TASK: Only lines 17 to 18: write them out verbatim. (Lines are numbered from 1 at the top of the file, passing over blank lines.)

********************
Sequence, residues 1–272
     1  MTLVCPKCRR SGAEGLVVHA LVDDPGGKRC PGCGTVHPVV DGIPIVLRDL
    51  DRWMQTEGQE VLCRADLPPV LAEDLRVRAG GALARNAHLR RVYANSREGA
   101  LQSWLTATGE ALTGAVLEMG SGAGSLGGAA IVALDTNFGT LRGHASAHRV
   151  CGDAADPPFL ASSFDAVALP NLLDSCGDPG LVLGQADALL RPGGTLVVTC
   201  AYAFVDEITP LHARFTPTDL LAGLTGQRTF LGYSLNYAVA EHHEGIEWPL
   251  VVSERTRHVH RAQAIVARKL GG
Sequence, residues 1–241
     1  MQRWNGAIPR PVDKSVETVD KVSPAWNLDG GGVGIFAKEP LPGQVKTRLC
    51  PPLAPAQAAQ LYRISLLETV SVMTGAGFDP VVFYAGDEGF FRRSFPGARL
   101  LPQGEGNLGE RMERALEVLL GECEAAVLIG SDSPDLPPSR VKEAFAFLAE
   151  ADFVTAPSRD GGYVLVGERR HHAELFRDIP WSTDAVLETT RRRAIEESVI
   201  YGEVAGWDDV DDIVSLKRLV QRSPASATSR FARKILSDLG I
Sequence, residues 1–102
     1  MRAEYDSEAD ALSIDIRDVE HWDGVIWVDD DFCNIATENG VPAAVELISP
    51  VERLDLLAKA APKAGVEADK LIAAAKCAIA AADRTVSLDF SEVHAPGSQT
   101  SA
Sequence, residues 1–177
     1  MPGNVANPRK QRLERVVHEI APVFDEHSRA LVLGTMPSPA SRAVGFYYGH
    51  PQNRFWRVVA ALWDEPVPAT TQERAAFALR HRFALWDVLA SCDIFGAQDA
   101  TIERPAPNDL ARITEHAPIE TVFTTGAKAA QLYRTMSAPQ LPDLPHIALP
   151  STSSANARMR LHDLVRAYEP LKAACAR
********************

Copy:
   101  SA
Sequence, residues 1–177